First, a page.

If China were to become a great power and a potential hegemon in Asia, it would seriously threaten U.S. interests there. Similar to the way that the United States threatened and forced European powers from the Americas by drafting and enforcing the Monroe Doctrine, China would also seek to keep the United States from milking resources from Asia. This foreign policy stance by Beijing would be considered untenable in Washington and would certainly lead to a major clash of power and interests in Asia. The last time such a clash took place was during World War II, when the potentially hegemonic state of Japan attempted to project its power throughout the Asian islands and even on the Asian mainland. Tokyo's attempt was blocked by the United States which was willing to fight a major conflict over its interests there.

Therefore, China is well aware of what its future holds. If the unprecedented economic and military might of the Chinese state is ever realized, its destiny as a regional hegemon is virtually sealed. The main power that will stand in its way will be the United States. While this end result is far off, Beijing cannot help but be concerned over the changing political climate on its borders. The best outcome for China in the Korean conflict would be for North Korea to remain as a moderately powerful state, able to deter attack from the South and the United States, but not strong enough so that its strength would limit China's ability to forcefully negotiate with the country. This goal would allow China to continue to develop economically and thus decrease the time it will take for the country to become a great power.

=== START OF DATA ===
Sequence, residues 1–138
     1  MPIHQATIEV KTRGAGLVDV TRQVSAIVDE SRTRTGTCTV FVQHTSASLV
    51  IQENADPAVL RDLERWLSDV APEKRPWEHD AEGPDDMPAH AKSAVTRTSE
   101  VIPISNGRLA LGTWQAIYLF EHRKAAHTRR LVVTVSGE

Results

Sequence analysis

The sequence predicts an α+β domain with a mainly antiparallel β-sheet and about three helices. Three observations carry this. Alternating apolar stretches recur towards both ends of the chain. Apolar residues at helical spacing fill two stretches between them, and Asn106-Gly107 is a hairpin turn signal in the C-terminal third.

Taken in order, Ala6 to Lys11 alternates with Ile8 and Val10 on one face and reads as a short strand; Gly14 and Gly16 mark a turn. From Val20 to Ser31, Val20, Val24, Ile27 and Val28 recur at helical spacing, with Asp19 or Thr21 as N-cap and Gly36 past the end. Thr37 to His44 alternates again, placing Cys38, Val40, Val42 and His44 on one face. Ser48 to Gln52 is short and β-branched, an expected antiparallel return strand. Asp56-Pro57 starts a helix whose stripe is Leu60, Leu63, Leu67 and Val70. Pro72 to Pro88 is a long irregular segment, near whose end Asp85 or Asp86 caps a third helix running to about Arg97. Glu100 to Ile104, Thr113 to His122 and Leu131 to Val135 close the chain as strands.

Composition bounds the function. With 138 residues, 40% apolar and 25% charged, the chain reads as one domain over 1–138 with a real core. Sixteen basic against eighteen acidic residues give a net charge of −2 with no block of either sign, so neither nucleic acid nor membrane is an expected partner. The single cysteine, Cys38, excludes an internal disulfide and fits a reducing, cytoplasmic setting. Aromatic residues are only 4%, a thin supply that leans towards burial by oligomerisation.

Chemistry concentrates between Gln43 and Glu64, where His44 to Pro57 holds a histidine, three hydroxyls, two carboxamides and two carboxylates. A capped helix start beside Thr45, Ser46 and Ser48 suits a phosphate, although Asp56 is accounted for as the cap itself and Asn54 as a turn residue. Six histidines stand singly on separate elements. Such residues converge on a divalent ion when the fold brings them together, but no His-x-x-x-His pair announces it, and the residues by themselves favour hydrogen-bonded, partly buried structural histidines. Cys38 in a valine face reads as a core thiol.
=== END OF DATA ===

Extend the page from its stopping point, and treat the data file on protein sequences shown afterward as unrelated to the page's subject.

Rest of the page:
Unfortunately, China cannot have it both ways. It will be difficult to keep the North Korean leadership intact while also keeping it relatively weak. It is for this reason that China is participating in negotiations between Pyongyang and Washington. However, if forced to make a choice, Beijing would act in its greater interests and decide in favor of keeping the United States away from its Korean border even if that means a strengthened North Korea. Moreover, as long as North Korea remains an enemy of Washington, the isolated country will be forced to rely on China for military and economic support. This support will continue to make Beijing an invaluable ally of Pyongyang, at least as long as the United States remains a potent threat. This policy decision would give Beijing time to continue to develop its economy and prepare for its future of projecting its power throughout Asia at the expense of distant great powers such as the United States.

This report was reprinted with express approval from